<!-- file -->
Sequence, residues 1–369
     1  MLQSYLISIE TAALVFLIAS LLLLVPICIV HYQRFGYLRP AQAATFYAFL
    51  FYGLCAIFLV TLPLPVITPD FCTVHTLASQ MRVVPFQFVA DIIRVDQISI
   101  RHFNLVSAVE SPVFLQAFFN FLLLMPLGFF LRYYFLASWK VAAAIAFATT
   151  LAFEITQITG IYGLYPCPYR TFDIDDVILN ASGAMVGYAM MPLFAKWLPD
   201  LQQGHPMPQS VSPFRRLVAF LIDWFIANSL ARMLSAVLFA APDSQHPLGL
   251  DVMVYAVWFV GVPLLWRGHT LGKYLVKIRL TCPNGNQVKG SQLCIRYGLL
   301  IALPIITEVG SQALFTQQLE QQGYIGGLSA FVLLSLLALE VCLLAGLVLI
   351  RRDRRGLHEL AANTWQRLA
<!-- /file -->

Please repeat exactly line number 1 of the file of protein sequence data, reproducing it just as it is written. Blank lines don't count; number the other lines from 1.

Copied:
Sequence, residues 1–369